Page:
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Resilience

How a Dog’s Journey Is Helping Hundreds of People

The story of Mara the dog and Betsy the human.

Key points

  • Studies show that owning a dog can decrease anxiety and depression as well as improve cardiovascular health.
  • The story of Mara the dog and Betsy the human reveals how by helping one person, a dog can help hundreds of people in a compounding effect.
  • "Don’t worry about what you cannot do, worry about what you can do," says Betsy.
Source: Photo by Sam/Elizabeth Speaker, used with permission.
Mara opens a door for Betsy.
Source: Photo by Sam/Elizabeth Speaker, used with permission.

Because my husband and I love dogs so much, we went to a non-profit Canine Companions dog graduation event in San Diego last February. That's where we met Betsy, the human and Mara, the dog. Mara had just completed her final training as a service dog and was ready to go to her new home with Betsy. We were impressed by Betsy and Mara's story and decided to interview them.

The story of Betsy, the human:

Betsy’s dream of helping the disabled was threatened by her own disability. A few months ago, Betsy became more afraid of losing her balance, of falling when alone, of being unable to get up and get help, of breaking more bones than the more than 100 she'd already broken in her 59 years of life.

Would Betsy have to stay home for safety because her body was failing her? Would she have to stop her job as a counselor for people with disabilities? Would she have to stop going to see friends and do fun activities? She had to find a solution to keep her independence while feeling safe.

Betsy had fought so much in the past years to preserve her independence. She was born with a condition called osteogenesis imperfecta, also known as brittle bone disease, which means that her bones would easily break throughout her lifetime for no apparent reason.

Indeed, Betsy’s first broken bone was when she was six weeks old, and since then, she has broken more than 100 bones. Betsy spent most of her childhood in a body cast and was placed in traction six weeks at a time in a hospital where her parents could only visit her once a week for four hours. Every summer, Betsy needed some kind of rod in one of her bones and as a result, she grew up with braces and crutches.

But when her doctors told her she had to wear braces and use crutches for the rest of her life, she refused. When her doctors recommended that she not get pregnant nor adopt any infant, there also, she refused, got married to a wonderful man, and adopted two beautiful boys, one of them an infant.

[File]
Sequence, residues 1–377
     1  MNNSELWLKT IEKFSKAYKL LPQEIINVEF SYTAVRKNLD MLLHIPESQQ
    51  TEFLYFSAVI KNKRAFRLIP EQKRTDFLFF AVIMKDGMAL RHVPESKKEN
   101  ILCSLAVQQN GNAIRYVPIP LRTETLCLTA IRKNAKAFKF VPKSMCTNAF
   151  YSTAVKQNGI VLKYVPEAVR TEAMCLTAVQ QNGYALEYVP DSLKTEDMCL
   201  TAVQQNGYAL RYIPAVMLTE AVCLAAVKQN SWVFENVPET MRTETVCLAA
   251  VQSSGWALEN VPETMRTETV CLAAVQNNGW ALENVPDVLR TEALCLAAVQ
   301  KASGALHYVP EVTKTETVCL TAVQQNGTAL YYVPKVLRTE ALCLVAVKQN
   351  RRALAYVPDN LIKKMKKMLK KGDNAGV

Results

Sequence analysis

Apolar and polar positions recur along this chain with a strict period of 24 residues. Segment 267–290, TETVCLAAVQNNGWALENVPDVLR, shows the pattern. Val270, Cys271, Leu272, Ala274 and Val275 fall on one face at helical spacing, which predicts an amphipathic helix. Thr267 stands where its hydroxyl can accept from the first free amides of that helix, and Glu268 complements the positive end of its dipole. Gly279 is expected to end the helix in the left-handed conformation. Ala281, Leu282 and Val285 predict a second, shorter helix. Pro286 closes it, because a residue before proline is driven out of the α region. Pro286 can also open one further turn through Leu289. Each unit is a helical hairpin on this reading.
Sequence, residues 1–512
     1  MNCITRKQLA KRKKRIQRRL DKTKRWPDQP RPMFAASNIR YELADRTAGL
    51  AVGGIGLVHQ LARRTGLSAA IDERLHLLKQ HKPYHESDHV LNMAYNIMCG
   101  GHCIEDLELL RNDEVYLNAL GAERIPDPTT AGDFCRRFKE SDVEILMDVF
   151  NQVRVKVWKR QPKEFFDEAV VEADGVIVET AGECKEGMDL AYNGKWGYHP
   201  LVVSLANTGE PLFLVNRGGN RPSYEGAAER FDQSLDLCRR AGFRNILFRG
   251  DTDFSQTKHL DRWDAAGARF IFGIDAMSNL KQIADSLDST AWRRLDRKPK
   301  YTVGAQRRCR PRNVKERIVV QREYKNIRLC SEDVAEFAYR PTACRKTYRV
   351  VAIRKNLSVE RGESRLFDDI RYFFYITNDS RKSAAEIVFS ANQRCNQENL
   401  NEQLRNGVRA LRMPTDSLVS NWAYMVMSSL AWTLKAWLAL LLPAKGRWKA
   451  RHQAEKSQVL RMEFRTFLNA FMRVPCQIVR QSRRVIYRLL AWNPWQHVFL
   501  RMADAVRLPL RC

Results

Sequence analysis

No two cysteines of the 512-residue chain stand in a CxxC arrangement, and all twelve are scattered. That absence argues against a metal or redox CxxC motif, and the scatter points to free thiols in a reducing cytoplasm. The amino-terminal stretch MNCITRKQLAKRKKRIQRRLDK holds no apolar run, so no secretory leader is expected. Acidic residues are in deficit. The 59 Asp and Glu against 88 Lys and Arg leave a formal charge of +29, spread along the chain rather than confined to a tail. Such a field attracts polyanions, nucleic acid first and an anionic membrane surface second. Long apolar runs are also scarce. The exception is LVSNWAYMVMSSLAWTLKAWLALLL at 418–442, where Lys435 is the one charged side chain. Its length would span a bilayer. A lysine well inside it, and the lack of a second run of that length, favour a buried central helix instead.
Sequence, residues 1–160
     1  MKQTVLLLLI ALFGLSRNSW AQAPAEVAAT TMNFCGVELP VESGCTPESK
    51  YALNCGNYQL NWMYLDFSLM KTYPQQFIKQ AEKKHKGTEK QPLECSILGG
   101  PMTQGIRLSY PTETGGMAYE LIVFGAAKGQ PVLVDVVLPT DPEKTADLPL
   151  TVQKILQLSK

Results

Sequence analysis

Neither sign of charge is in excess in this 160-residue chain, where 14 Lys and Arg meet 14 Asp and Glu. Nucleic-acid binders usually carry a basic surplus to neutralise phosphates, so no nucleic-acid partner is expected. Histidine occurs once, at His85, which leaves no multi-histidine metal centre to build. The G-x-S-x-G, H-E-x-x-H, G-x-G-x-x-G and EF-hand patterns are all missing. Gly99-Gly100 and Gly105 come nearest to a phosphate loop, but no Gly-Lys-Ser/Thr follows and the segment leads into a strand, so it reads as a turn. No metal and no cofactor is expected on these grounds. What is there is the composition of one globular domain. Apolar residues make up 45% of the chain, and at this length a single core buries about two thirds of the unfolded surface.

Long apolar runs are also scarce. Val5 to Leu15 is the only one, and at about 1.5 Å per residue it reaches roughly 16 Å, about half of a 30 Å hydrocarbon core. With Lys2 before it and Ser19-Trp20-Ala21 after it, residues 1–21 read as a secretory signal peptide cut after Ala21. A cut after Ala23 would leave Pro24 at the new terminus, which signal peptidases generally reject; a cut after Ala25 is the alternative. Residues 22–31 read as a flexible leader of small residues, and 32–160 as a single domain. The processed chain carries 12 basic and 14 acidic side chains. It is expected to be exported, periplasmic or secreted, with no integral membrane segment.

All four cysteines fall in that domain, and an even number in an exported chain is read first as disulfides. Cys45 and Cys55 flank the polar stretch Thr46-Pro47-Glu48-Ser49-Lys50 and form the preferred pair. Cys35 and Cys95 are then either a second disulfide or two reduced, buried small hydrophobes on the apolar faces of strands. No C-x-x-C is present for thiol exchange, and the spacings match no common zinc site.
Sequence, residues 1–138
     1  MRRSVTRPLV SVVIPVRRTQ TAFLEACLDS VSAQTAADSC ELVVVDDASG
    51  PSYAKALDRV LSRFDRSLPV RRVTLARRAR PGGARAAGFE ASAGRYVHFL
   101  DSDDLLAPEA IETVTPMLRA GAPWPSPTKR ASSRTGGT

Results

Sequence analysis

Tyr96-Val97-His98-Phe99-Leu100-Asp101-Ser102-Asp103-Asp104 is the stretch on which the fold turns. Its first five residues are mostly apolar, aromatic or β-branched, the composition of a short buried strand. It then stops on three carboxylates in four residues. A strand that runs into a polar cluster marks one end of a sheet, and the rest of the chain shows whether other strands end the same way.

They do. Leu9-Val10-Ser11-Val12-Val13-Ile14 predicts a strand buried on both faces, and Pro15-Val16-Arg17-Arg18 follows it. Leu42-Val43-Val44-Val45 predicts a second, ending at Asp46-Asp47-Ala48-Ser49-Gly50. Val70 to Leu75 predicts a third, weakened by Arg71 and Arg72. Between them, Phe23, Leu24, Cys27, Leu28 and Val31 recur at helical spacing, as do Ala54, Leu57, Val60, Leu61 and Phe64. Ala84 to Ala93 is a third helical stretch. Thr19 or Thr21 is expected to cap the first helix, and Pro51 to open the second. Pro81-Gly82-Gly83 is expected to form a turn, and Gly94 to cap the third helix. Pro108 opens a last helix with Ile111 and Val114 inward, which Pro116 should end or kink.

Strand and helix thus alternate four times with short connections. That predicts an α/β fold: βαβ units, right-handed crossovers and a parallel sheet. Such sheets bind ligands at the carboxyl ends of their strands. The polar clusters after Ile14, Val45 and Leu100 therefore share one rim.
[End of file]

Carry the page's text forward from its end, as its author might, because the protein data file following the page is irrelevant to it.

Today, she had to keep on fighting. But how? What could she do to protect herself?

She decided to contact the non-profit organization Canine Companions and apply for a service dog.

A few months later, she was introduced to a dog called Mara.

Source: Photo by Sam/Elizabeth Speaker, used with permission
Mara, the dog.
Source: Photo by Sam/Elizabeth Speaker, used with permission

The story of Mara, the dog:

Mara, a female yellow lab, was born two years ago and was selected at the age of two months to be trained as a service dog because she was very sweet, very attentive to humans, already following commands, and always willing to help.

After 18 months of training by Canine Companions, Mara learned close to 40 commands. Then she went through an additional six months of more intense training. At the end of that intense training, Mara was placed in the presence of 15 different humans who had requested a service dog.

One of those 15 humans was Betsy, and as soon as Mara locked eyes with Betsy, Mara wagged her tail—which she hadn’t done as much with the other people. Betsy immediately knew that Mara would love her and protect her, and it seemed that Mara knew that Betsy would equally love her and protect her.

How Mara the dog is helping Betsy, Betsy’s husband, and Betsy’s clients:

Betsy and Mara have been together since February 10th of this year and Mara has already changed Betsy’s life.

Source: Photo by Sam/Elizabeth Speaker, used with permission
Mara, the dog and Betsy, the human.
Source: Photo by Sam/Elizabeth Speaker, used with permission

Mara always keeps an eye on Betsy. As soon as Betsy needs her, Mara is ready to get up and help, which triggers a lot of praise from Betsy and makes Mara incredibly happy, judging by how much she wags her tail. Mara senses Betsy’s emotions and will do everything she can to make Betsy happy. As Canine Companions’ trainers say: “Your emotions go down-leash.”